Lewis scuttled backward before the onslaught. Eyes wide, shock and apprehension flickered across his face. He’d expected this, and indeed trained for it. But first-hand experience was an altogether different matter.
A piston-like Tyson jab hammered into Lewis’s face, and a winging right hand whistled past his chin. With Tyson momentarily off balance, Lewis unloaded an arcing right uppercut that glanced off the side of Tyson’s chin. Stunned, Tyson crouches and covers up. Lewis hovering over him like a giant manta-ray, unloaded three more big uppercuts before Tyson sought refuge in a clinch.
Tyson now knew Lewis could hurt him, but undeterred, he continued his assault. A left jab made Lewis stumble backward off balance, but a left hook to the jaw had no discernible effect. So much for Lewis’s oft-derided soft chin.
Tyson was a blur of action, and Lewis a tangle of overlong limbs as he struggled to contain Tyson’s fury, and find room for his own punches.
The pace became less frenetic as the rounds wore on. With Tyson’s initial fire doused, Lewis was now fighting a sedate and disciplined fight. Jabs speared into Tyson’s face, heavy right hands hammered into his skull, and whistling uppercuts ripped him whenever he tried to close the distance.
Referee Eddie Cotton had been unduly solicitous toward Tyson, and somewhat antagonistic toward Lewis all night, and surprisingly ruled no knockdown and deducted Lewis a point for pushing, when Tyson sprawled on the canvas, courtesy of yet another right hand, in the fourth.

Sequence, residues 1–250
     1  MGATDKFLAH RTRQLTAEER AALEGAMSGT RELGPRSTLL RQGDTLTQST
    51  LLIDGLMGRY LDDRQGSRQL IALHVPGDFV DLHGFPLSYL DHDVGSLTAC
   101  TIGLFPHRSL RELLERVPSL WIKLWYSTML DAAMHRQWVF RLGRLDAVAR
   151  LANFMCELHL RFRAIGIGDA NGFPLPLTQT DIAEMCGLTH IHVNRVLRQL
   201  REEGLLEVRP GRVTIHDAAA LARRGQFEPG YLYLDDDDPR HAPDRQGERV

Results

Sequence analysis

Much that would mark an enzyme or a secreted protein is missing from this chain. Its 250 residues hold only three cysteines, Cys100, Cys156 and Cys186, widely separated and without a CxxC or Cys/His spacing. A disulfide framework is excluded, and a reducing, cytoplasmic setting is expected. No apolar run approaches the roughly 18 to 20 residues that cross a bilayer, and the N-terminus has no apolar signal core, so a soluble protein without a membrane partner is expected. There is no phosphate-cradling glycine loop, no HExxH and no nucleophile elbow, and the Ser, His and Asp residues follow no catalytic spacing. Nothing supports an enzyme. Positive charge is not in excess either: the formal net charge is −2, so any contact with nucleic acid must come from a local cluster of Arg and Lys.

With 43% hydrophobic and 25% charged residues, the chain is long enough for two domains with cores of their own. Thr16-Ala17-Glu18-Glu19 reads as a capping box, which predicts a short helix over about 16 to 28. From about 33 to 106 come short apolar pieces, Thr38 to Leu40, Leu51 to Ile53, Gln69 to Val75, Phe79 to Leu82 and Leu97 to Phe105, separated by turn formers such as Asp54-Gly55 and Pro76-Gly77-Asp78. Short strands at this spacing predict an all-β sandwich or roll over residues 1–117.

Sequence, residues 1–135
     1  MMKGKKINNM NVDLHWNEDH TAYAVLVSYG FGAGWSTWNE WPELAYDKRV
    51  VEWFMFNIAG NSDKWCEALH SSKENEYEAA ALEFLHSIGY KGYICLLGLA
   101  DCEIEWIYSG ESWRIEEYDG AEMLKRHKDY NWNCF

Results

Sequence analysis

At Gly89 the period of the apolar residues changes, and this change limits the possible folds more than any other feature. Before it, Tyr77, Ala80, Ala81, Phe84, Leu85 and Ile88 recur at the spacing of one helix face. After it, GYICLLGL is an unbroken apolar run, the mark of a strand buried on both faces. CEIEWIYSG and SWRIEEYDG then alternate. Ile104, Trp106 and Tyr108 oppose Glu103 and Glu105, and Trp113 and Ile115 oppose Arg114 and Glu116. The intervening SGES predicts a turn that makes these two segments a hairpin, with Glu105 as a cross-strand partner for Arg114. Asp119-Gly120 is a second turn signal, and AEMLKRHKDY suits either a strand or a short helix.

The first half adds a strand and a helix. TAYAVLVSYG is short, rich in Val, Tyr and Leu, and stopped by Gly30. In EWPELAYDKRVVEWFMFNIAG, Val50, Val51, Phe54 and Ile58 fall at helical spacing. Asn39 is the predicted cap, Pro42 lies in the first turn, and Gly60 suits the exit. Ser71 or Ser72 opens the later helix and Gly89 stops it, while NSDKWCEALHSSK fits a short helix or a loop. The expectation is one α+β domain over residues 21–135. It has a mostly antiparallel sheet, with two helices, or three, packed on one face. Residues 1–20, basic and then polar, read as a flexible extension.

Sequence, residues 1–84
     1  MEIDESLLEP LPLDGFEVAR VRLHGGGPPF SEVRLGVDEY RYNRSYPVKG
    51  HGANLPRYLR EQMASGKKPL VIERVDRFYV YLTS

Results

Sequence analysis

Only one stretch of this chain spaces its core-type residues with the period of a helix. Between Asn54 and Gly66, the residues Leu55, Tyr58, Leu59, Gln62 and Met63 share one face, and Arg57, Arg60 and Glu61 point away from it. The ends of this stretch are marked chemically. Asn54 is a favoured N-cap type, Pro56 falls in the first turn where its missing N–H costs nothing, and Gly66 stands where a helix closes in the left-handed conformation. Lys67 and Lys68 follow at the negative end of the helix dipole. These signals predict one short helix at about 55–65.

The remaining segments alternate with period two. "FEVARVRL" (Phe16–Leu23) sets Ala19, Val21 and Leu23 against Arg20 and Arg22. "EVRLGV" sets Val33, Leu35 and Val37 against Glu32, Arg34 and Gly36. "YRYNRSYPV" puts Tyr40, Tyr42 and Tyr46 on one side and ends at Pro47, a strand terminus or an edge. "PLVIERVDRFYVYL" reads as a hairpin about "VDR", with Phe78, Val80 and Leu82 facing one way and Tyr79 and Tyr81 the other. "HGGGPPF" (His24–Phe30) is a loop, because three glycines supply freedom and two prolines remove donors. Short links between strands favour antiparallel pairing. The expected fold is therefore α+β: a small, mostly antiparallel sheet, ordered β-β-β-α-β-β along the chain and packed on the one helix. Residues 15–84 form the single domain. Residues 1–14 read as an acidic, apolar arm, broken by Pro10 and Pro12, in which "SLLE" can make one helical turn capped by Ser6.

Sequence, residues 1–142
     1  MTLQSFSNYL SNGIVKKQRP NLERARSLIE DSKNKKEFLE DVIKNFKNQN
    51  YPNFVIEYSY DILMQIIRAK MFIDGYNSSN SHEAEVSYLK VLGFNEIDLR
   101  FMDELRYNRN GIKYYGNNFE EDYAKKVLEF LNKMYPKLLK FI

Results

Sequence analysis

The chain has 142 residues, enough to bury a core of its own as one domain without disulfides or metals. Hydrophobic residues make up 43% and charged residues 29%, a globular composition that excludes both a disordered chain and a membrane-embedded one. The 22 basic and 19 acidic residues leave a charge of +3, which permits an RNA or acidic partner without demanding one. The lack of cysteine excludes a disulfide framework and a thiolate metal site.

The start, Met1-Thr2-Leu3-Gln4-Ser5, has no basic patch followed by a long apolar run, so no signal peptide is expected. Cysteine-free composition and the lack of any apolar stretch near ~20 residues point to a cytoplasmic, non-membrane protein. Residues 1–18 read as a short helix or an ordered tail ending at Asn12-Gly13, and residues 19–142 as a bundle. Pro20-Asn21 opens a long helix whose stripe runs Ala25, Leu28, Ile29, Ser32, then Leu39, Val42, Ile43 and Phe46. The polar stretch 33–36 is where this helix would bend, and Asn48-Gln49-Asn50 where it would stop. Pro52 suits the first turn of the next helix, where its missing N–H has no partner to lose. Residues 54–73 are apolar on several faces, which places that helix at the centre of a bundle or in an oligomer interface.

Manny Steward tore into Lewis for his lack of urgency at the break. “This fight could be over with…you’ve got a dead man in front of you. Go to him and bang him…Let your shit go, left hand uppercut, right hand uppercut. Any longer the fight goes, the man is dangerous. You’d better get him outta there!”
Lewis was systematically and sadistically taking Tyson apart, a piece at a time. Regardless what Manny might yell at him, he was going to do this his way.
Tyson cut a sorry figure as he wearily trudged back to his corner at the end of the seventh. Corner man Stacy McKinley, chipped in with some home-boy encouragement. “You’ve taken his best shots, it’s time to get to work brother…” But all to no avail. Tyson, wincing and moaning in pain as the cut man worked on the two gashes over his eyes had nothing left to give.
Lewis delivered the coup-de-grace in the eighth. A right and left uppercut, right hand combo dipped Tyson’s knees, inducing Cotton to incorrectly call a knockdown and administer the mandatory eight-count.
Cynics perturbed at the partisanship of Cotton’s performance, might claim he was giving Tyson much needed rest, but he was merely prolonging Iron Mike’s agony.
Lewis recounted the finishing salvoes in his typically understated way. “I saw Tyson was having problems, so I threw the right hand.” Timing Tyson’s head movement perfectly, the punch crashed into Tyson’s jaw as his head dipped to his left. BOOM! Tyson’s head twisted grotesquely, blood, mucus and sweat spraying the air. A collective ooh erupted from the crowd. Tyson’s eyes rolled up in his head, and he hit the canvas hard.
Lewis turned away, strolled nonchalantly to a neutral corner, both arms raised in triumph. He knew Tyson wouldn’t be getting up.
Ollie Odebunmi became a boxing fan when he watched the Fight of the Century between Muhammad Ali and Smokin’ Joe Frazier back in 1971. He is the author of The Last Great Heavyweights-From Ali and Frazier to Lewis and Tyson, available from Amazon.